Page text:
How to calculate productivity once and for all
We all have expectations for what's next in our business and for the employees we've hired to carry out these goals. Understanding what's realistic for your employees and how much work you should expect from them on a monthly or quarterly basis can set your entire business up for success. When everyone is on the same page and has reasonable goals to achieve, you can foster more motivation and productivity in your teams.
But what is productivity and how can you measure it? Let's find out.
What is productivity?
You've probably come to understand what a productive or unproductive day looks like for yourself based on the times you've gotten a lot done versus not. However, with all of the tools and knowledge your manufacturing staff have, how much work can you reasonably expect from them?
Productivity is the measure of work efficiency that a business' employees take on to finish more work in less time.
The actual calculation is the total output versus the total input, or how much product (for example) an employee can produce within their work day or even within an hour.
Why should you measure productivity?
Aside from making reasonable goals for yourself and your business, measuring productivity is essential for determining costs. Your employees are the most valuable assets of your business and also produce the highest expense. Measuring productivity ensures that you are getting the most you can from the investment put into your employees.
Measuring productivity against how much you need to make in a given time period can give you a good idea of how much to expect from your employees.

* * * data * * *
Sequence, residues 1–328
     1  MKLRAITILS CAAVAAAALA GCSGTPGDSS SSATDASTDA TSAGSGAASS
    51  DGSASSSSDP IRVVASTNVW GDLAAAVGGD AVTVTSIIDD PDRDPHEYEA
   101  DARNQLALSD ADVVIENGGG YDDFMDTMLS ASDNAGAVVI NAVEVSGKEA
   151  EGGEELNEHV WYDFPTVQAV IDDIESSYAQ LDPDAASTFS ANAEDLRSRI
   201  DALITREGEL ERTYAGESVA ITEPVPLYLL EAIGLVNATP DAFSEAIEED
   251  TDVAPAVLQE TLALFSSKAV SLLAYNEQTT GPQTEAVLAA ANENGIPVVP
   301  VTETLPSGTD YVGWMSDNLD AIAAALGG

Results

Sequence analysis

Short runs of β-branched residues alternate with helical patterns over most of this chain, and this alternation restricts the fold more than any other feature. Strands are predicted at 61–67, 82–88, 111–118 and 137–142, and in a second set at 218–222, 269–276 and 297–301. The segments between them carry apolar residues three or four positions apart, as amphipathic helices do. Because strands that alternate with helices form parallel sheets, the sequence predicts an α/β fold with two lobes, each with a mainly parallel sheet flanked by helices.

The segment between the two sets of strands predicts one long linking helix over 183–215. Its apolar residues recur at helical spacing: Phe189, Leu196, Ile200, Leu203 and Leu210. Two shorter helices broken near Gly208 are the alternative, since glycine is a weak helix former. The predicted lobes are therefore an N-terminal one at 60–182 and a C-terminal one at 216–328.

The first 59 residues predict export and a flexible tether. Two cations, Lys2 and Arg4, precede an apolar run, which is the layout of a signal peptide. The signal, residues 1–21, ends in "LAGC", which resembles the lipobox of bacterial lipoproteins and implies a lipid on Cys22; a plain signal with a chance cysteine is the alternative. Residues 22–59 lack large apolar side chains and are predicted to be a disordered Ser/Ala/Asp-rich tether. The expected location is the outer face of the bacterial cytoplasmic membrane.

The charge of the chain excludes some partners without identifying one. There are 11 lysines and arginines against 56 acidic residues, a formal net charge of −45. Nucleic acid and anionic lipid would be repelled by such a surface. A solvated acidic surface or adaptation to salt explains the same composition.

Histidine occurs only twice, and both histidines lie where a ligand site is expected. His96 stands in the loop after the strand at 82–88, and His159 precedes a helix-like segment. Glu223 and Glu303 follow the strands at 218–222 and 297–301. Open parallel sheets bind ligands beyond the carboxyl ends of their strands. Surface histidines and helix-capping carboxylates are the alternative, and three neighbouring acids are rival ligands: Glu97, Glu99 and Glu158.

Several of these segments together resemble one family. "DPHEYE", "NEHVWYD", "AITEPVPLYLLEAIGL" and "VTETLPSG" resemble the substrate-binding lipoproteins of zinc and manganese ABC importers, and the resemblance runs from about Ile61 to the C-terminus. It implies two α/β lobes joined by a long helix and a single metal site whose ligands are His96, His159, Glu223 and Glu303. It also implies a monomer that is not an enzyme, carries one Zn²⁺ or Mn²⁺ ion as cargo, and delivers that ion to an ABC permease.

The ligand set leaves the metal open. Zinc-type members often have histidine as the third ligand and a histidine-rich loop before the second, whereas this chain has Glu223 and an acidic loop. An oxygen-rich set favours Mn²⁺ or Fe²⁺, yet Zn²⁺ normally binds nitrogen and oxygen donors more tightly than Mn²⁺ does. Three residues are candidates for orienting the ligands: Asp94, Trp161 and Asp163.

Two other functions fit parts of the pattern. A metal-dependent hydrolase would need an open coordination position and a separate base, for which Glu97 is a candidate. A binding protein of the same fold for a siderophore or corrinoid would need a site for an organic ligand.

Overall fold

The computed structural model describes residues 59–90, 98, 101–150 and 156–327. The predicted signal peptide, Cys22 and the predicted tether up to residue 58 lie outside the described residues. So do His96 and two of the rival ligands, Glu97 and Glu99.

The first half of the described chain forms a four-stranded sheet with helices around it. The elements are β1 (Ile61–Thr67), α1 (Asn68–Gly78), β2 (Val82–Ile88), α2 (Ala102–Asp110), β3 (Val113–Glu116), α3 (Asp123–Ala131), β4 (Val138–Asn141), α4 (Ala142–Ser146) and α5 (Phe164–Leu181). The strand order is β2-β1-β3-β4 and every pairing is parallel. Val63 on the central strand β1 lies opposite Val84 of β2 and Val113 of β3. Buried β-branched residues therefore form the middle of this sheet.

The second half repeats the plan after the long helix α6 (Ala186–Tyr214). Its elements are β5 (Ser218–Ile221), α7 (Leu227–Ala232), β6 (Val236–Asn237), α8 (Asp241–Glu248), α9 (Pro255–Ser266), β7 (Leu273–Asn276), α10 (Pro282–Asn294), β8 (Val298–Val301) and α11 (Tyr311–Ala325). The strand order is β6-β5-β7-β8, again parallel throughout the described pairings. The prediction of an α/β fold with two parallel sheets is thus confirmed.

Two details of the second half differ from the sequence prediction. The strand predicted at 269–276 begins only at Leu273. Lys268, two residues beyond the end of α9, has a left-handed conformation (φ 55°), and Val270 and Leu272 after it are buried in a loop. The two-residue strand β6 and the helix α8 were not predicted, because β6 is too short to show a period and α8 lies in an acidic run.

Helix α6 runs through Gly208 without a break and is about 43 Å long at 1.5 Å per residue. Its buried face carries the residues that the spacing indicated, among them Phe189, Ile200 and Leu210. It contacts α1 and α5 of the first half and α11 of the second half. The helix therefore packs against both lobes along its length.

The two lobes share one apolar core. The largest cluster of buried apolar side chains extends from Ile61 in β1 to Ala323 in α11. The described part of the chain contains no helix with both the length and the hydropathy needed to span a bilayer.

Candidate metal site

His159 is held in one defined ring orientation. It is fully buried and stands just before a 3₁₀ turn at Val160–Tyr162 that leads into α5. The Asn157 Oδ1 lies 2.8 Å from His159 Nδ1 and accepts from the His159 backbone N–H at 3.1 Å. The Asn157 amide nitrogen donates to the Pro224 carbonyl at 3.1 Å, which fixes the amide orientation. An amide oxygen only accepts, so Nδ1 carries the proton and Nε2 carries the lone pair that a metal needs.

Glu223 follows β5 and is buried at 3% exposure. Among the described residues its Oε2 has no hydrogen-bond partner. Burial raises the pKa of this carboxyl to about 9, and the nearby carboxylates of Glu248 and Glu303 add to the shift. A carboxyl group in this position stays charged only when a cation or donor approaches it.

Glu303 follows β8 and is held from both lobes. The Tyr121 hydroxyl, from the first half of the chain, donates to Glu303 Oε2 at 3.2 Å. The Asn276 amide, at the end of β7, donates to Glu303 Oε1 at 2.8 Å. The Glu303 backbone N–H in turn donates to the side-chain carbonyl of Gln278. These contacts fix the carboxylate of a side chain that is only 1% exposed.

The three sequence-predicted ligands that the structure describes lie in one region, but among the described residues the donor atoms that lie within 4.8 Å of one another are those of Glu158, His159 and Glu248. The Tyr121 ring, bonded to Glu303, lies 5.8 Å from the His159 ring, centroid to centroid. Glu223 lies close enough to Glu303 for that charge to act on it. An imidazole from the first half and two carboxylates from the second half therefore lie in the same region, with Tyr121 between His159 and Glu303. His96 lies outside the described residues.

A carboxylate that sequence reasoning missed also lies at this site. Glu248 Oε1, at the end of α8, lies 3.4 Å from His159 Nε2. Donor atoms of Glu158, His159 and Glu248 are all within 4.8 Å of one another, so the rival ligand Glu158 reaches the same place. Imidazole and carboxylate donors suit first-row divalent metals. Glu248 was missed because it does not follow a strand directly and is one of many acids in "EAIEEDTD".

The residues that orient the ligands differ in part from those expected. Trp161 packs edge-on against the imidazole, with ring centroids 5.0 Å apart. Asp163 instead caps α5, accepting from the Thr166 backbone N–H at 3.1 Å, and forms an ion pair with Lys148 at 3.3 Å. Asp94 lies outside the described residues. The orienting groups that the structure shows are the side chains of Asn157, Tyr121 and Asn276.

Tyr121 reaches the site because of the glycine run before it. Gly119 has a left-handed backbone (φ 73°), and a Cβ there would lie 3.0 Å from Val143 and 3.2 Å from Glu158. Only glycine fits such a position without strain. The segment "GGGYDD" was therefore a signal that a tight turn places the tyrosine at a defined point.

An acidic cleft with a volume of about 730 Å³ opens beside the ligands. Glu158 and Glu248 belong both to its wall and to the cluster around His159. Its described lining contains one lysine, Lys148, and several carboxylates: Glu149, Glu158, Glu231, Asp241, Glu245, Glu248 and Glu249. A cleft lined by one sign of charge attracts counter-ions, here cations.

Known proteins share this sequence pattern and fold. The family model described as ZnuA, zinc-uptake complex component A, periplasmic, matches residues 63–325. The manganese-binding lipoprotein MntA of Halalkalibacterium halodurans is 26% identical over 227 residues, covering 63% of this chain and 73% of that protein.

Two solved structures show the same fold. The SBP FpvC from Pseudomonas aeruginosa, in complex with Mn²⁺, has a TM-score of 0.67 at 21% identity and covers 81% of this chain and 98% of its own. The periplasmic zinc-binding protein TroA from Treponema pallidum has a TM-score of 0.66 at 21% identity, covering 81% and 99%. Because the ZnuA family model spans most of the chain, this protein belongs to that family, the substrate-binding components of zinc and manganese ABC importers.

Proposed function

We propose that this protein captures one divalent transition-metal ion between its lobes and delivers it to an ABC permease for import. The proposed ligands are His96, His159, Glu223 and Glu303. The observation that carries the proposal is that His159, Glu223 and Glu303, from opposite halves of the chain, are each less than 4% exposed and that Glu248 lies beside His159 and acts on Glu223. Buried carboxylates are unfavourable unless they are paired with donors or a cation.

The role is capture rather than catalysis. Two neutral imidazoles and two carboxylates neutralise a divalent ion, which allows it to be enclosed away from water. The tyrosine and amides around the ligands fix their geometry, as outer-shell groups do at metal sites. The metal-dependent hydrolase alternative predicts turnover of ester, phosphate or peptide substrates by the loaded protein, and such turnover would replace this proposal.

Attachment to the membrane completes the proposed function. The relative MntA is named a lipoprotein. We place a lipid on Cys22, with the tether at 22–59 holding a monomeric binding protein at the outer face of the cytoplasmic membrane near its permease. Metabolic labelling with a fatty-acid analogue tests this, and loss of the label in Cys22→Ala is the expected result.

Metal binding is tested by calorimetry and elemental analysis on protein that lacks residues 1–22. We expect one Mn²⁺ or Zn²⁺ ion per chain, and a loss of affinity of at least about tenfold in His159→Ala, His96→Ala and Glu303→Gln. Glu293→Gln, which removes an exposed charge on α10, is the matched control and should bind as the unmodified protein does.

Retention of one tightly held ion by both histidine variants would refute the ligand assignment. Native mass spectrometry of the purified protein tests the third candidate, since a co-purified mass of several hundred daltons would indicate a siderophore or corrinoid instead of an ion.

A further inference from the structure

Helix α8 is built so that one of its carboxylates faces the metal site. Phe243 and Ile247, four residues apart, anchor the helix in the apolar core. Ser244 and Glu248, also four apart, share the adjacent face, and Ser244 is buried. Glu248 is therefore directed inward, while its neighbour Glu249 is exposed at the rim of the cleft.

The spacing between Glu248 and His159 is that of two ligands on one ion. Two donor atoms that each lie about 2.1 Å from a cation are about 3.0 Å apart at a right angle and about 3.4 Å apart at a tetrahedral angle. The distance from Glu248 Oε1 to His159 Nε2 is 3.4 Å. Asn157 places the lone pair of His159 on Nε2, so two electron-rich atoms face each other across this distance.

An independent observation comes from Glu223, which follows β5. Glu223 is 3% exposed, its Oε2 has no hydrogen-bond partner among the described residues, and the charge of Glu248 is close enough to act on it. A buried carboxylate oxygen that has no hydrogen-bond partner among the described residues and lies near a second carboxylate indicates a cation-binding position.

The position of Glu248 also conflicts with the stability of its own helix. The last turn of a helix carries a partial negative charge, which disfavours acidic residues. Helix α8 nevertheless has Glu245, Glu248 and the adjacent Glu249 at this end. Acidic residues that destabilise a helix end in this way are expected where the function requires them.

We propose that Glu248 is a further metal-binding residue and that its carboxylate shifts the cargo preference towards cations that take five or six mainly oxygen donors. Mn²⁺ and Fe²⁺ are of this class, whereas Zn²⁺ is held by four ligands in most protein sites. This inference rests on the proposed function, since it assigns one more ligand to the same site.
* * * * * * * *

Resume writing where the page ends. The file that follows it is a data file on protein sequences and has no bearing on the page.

When you push these boundaries and ask your staff members to raise productivity levels with more efficiencies and incentives, you can gain a more competitive advantage. However, it's important to measure productivity appropriately to get the best results.
Instead of measuring productivity based on wages, it should focus on output or the capability to produce work quickly and efficiently. Look at how well your employees can put together a product or a service and still turn out a great end result that customers will love.
You want to be the business that is producing more units such as capital, labor or materials with fewer inputs like time and errors.
While the calculations and inputs vs. outputs do give you a better idea of expectations, there's still the human side of the business to consider. You need to understand the balance between working your staff to the bone, and creating efficiencies around the supply chain so they can thrive. Given all of the tools, knowledge and motivation you need to produce excellent work, you'll see your productivity numbers (and bottom line) begin to improve.